I assume most people reading this blog have more than a passing interest in mental capacity law, so I thought I'd draw to readers' attention three interesting looking upcoming conferences [Edit: and a seminar I've just heard about].  I wish I could attend them all...

Tuesday 12 July 2011

R (NM) v Secretary of State for Justice [2011]

Thanks to Adam Wagner's Twitter feed I noticed a recent ruling relating to whether a prison acted lawfully when it decided not to investigate allegations of sexual assault on a prisoner with learning difficulties. The case, R (NM) v Secretary of State for Justice [2011] EWHC 1816 concerned whether the prison authorities were in breach of theDisability Discrimination Act 1995 and the Equality Act 2010 because they failed to make reasonable adjustments in relation to the investigation of a sexual assault against a prisoner with learning disabilities, NM. It was further considered whether the failure to conduct a formal investigation was in breach of NM's Article 3 rights. The claimant was assisted in bringing his case by the Howard League for Penal Reform. The court found in relation to all points that the defendant had acted lawfully.

I don't want to go into masses of detail about the case, but I did want to flag up a few things about the judgment that might merit further thought for disability rights campaigners.

Monday 11 July 2011

Regulation, Rights and Risk

[Note: This post was updated in August 2011 and can be downloaded from here (pdf).  The updated article contains better statistics and is focussed more on the role of inspection to prevent abuse and neglect, rather than human rights per se.  I've left the original post up though for interested parties.]

I will be devoting an entire chapter of my thesis to the potential and challenges of a regulatory approach to human rights protection in social care, and there is much to discuss therein.  Whether the founding principles of the Care Quality Commission (CQC) should have been more explicitly human rights oriented, and whether they should have been able to take up individual complaints, as the Joint Committee on Human Rights had advocated.  Whether the CQC’s approach to monitoring the deprivation of liberty safeguards is adequate and compliant with the UN Optional Protocol on the Convention Against Torture (see this blog post and this for more discussion).  Whether the inspection methodology itself is ideally suited to human rights protection and promotion, and whether the care inspecting arms of CQC could perhaps learn something from the former Mental Health Act Commissioners 'visiting' methodology.

In today’s post, however, I will be limiting myself to considering a single issue: the case for a shift to a risk-based approach to inspection, justifying a significant overall reduction in inspection frequency.  I will not be discussing in any great detail specific human rights issues, but it is the potential for CQC to act as a human rights inspectorate that leads me to consider this in the first place.  I am very well aware that inspection is not a magic wand for human rights issues; it offers no cast iron guarantees against violations.  I can tell you, having worked for many care providers, that there are a huge range of things that get tidied away before the CQC’s announced visits.  There are behaviours that magically disappear when CQC inspectors are on site.  However, inspection can – and does – pick up on the more glaring problems with a care provider, and can also have an important preventive function where there is a strong likelihood of a visit from an inspector.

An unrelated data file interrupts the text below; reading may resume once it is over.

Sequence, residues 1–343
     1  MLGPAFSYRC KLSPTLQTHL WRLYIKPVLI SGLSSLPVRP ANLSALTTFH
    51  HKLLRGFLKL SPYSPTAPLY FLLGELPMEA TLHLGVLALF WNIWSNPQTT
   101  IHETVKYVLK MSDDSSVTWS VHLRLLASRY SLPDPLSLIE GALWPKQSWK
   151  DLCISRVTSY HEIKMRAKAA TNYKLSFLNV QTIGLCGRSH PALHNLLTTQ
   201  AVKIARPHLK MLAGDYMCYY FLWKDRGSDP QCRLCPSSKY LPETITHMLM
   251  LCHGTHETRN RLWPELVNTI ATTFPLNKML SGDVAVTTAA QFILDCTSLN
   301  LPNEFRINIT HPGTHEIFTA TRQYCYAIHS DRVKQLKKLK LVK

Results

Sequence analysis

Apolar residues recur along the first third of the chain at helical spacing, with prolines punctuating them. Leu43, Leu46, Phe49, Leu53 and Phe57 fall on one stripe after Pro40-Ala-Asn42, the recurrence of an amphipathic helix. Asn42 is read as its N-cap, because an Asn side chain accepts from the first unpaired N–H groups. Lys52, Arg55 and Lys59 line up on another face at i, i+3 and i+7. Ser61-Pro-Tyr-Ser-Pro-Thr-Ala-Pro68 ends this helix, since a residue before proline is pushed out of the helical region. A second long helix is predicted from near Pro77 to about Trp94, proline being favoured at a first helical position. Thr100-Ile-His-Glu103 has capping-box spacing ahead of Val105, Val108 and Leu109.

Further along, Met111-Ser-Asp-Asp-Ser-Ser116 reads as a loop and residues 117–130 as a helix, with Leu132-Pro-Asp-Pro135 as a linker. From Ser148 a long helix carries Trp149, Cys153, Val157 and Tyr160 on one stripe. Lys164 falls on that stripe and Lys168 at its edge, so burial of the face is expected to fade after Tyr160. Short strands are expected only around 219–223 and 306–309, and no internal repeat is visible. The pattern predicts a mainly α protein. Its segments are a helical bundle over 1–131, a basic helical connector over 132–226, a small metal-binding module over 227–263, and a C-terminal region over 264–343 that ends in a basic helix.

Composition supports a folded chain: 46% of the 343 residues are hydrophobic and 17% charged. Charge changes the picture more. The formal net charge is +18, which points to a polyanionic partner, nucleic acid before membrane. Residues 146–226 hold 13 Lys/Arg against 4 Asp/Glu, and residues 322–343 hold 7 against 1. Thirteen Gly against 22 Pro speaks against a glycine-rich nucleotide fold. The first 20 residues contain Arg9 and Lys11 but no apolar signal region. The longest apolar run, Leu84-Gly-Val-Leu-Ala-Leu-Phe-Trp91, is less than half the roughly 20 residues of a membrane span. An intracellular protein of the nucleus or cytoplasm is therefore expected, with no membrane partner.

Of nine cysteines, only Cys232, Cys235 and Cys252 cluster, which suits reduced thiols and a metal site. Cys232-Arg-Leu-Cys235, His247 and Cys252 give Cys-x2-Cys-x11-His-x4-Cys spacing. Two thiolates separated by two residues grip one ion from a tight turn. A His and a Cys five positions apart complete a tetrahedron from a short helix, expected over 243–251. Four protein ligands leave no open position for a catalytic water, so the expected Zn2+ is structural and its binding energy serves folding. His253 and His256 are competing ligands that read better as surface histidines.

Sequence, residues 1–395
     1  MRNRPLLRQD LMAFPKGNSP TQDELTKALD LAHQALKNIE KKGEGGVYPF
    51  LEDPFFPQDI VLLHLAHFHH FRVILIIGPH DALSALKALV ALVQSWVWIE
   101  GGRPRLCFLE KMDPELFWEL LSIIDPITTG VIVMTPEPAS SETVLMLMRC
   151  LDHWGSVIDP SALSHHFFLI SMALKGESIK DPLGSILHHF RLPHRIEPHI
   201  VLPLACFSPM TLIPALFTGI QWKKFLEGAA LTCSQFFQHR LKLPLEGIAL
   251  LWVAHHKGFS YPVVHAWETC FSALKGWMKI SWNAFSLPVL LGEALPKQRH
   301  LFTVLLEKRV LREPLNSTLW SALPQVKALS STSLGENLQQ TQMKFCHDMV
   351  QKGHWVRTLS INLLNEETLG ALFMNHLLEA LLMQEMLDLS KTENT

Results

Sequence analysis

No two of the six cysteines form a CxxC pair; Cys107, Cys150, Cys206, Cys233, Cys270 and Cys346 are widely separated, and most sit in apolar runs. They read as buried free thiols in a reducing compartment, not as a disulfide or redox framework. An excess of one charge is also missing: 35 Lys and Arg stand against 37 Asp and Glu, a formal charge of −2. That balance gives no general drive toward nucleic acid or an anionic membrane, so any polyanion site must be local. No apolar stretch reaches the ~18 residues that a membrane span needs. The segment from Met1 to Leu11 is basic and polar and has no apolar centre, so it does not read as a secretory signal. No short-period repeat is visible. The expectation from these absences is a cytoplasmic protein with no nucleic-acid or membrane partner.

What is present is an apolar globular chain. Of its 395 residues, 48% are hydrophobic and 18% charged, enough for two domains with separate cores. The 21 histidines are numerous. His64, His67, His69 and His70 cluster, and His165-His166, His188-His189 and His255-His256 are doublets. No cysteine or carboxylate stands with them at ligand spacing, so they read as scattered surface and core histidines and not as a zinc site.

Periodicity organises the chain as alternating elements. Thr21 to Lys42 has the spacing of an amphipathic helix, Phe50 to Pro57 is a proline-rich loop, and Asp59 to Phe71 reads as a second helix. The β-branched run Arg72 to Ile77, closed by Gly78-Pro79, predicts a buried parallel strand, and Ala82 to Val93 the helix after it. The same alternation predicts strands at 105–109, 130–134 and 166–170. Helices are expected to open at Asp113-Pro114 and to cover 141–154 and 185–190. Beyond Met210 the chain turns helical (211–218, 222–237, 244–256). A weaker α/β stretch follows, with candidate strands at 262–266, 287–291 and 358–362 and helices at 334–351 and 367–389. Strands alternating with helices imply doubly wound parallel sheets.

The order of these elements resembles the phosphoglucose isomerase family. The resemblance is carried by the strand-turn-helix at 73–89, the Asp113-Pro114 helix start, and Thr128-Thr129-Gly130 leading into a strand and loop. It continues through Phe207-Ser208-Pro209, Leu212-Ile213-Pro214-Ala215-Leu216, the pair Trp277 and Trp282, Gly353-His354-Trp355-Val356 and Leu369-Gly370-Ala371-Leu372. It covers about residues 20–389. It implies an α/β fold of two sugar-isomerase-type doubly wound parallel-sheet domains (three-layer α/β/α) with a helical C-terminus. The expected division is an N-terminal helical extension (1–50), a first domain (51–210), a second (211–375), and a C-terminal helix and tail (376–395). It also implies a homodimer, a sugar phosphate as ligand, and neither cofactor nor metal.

Wednesday 6 July 2011

The darker side of dignity

Dignity is a slippery term.  Writing extra-curially, Lady Hale once asked 'what does dignity mean? It is not a lawyers' concept.'  According to Kant, humans possess an inherent dignity, that requires us to treat other human beings as people and not 'things'; dignity makes us an end in ourselves, and not a means to other ends.  As a concept linked to 'rights' dignity began to emerge after the Second World War in what Francesca Klug has called the second-wave rights.  Dignity is enshrined in the preamble of that most aspirational and poetic of post-war human rights instruments, the Universal Declaration of Human Rights:
'Whereas recognition of the inherent dignity and of the equal and inalienable rights of all members of the human family is the foundation of freedom, justice and peace in the world'
It is a concept sufficiently noble, grand and vague that all the signatories to the UDHR could agree upon it as a grounding for the more detailed human rights it established.  Whereas the 'first wave' rights of the Enlightenment and Modern era tended to enshrine political and civil rights grounded in autonomy and liberty ('the right to be left alone'), dignity could potentially ground welfarist social and economic rights.  The kind of rights where a state actually had to take steps to do things for their citizens, rather than refrain from interfering with them.  Klug writes:

Friday 1 July 2011

Is deprivation of liberty more likely to go unspotted for privately funded care home residents?

I've been umming and ah-ing whether to post about some data I have collected using the Freedom of Information Act about the funding status of people who are the subject of applications for authorisation to deprive them of their liberty in a care home.  The problem I have is that whilst the findings are potentially quite interesting, the quality of the data is a bit dubious.  What I'll do is tell you what the data shows, then suggest why it might be a cause of concern if it is a reliable indicator of the national picture - then I'll confess all my doubts about the quality of the data.

Privately funded care home residents are less likely to be the subject of the DoLS application

As part of a wider survey of all the local authorities in England*, I asked each of them the following question:
"Separately, for standalone standard applications and standard authorisation applications accompanied by an urgent authorisation, please indicate which authorizations related to people whose care was funded by the local authority and those where funding was provided by other sources (e.g. health funding, privately commissioned etc)."